In an unprecedented, yet risky move, the Auburn Hills, Michigan-based automaker Chrysler announced that they will not be complying with the federal safety regulator’s Jeep recall request. The request comes after an investigation with the United States Transportation department, which has been conducted with the automaker for the past three years.
More specifically, Chrysler stated that they had received the request to recall the 1993-2004 Jeep Grand Cherokee, as well as the 2003-2007 Jeep Liberty. In all, over 2.7 million vehicles would be impacted.
The reason for the recall stems from the NHTSA’s conclusive findings that the Grand Cherokee’s fuel tank was in a compromising position, leaving it susceptible to a fuel leak in the event of a rear-end collision. A fuel leak could increase the risk of a fire.
However, Chrysler maintains that the federal agency’s findings are inconclusive, stating that they were based on incidents that occurred less than once per every million years of vehicle production. In an 13-page letter, the NHTSA countered with citing the fact that 51 people involved in a rear-end collison had died. Although they stated that fires were involved in most of the accidents, they did not differentiate between the two.
With that being said, Chrysler insists that the SUVs in question are as safe as any other comparable vehicle on the road, with Fiat Chairman Sergio Marchionne stating that “the company stands behind the quality of its vehicles.” He went on to say that “All of us remain committed to continue working with NHTSA to provide information confirming the safety of these vehicles.”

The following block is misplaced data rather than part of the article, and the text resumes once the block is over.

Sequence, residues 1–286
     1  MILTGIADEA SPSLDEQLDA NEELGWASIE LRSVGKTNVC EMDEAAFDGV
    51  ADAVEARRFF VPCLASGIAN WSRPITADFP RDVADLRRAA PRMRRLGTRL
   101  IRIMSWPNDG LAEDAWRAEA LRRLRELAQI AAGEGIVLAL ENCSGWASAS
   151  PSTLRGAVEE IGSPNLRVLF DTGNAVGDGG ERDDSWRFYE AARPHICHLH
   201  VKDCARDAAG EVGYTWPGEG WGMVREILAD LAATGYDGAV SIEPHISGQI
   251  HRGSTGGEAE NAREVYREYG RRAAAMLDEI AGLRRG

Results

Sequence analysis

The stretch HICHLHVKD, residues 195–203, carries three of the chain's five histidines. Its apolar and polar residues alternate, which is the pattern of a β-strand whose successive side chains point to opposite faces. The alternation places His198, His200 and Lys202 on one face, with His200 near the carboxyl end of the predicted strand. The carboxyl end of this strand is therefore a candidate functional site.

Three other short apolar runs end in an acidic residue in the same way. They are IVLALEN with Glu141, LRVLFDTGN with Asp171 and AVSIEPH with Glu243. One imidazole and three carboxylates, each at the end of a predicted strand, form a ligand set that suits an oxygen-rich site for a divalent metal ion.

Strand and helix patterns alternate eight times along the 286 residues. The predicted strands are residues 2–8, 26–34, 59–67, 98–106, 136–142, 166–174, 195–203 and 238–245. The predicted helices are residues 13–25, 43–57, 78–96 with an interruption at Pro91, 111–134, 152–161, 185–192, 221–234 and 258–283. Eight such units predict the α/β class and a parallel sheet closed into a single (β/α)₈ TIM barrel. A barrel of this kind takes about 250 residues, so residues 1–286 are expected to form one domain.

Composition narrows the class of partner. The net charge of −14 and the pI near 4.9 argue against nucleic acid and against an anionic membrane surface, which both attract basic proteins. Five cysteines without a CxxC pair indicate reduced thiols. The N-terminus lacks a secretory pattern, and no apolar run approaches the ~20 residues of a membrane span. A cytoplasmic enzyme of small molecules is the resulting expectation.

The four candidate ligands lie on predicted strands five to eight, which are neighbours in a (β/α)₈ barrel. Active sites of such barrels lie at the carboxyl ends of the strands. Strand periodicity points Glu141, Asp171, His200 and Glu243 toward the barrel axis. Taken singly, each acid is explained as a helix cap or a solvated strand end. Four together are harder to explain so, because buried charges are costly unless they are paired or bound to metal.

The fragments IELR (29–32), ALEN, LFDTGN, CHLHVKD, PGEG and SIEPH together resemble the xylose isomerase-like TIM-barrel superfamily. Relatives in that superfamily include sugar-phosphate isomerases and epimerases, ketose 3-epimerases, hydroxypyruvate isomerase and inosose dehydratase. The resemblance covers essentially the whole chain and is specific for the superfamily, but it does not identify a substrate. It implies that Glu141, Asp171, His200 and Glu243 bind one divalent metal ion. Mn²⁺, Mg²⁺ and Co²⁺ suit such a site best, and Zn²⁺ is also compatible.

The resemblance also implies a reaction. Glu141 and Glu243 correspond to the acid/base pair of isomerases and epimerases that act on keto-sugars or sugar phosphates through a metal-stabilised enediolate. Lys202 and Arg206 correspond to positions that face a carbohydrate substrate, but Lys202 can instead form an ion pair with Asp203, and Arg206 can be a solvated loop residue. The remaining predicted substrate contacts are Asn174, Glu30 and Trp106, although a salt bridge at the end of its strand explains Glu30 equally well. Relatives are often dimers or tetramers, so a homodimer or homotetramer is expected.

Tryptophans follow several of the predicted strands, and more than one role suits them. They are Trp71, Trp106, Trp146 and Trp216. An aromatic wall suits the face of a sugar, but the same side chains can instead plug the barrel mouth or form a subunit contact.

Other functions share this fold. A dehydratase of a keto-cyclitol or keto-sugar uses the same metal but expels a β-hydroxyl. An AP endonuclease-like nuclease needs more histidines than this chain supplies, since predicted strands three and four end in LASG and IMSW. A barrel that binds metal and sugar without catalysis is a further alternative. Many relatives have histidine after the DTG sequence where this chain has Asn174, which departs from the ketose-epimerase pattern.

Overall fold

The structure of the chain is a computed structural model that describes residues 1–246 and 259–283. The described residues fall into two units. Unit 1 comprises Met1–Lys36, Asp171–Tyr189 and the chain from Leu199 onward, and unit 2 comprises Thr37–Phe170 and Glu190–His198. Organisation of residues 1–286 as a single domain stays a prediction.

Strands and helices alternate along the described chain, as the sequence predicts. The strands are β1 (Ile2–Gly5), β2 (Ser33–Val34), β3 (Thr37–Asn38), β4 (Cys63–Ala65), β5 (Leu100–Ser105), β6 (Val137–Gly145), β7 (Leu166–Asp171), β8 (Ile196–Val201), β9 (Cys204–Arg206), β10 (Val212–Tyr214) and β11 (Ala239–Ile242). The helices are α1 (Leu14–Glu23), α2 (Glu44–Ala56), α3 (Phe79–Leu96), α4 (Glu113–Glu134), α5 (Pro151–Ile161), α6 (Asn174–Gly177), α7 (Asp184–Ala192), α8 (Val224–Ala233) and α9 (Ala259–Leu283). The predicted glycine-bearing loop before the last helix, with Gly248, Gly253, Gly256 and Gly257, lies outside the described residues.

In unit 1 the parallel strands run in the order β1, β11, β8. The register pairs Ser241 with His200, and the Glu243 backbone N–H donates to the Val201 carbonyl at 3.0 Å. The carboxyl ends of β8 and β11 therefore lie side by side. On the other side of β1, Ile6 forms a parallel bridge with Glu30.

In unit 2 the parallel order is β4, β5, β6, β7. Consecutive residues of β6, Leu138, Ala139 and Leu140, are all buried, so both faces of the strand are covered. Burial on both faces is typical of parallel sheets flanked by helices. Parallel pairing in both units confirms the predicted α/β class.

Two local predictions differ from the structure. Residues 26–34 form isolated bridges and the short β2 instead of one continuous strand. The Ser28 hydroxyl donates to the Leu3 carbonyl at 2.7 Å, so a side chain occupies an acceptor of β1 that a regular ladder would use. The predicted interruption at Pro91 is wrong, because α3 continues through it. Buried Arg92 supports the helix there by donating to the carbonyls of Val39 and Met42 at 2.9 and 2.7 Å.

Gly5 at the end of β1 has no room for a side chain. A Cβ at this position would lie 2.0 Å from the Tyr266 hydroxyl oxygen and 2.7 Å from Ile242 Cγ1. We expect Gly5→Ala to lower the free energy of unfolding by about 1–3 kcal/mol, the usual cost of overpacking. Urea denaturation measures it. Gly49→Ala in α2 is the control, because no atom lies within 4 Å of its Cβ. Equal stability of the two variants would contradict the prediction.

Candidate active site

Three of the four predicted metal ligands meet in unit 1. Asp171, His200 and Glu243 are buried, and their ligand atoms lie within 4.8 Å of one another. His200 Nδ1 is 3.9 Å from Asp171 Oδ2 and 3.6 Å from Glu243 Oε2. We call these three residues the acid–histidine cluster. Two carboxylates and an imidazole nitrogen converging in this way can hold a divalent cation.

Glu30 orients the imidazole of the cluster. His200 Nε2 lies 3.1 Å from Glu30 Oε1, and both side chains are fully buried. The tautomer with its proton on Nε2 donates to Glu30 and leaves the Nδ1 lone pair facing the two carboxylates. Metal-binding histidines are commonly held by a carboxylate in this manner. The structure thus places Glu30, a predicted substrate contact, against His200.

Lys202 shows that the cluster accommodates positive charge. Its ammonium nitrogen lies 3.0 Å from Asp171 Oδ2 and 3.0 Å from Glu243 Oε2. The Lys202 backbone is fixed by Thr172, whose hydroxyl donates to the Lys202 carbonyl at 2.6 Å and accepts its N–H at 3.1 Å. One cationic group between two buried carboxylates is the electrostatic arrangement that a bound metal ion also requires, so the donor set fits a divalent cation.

If Chrysler does not respond to the NHTSA’s request by June 18, then the federal agency can hold a public hearing. If the issue has not been resolved by then, the Administrator of the NHTSA (David Strickland) could ultimately make the final decision, and force Chrysler to comply with the recall. Although they have the right to challenge the decision in federal court, they may also be forced to issue letters out to registered owners, stating that they are refusing to comply with the NHTSA’s recall order.
Will there be a Jeep recall? Ultimately, the federal agency usually wins out in matters such as this, and it would be in Chrysler’s best interest to go ahead and comply…if for nothing else, to avoid any negative publicity, similar to what Toyota has faced since 2010. In addition to this recall request, the NHTSA had recently concluded their investigation into the 2012 Jeep Patriot crossover, with the federal agency having been satisfied with the additional vehicles not needing to be included in the recall for saddle fuel tanks with malformed tubes.
If the NHTSA is successful in their request, it would be the latest Jeep recall to affect the popular division. The last time they refused a recall request was back in 1997.
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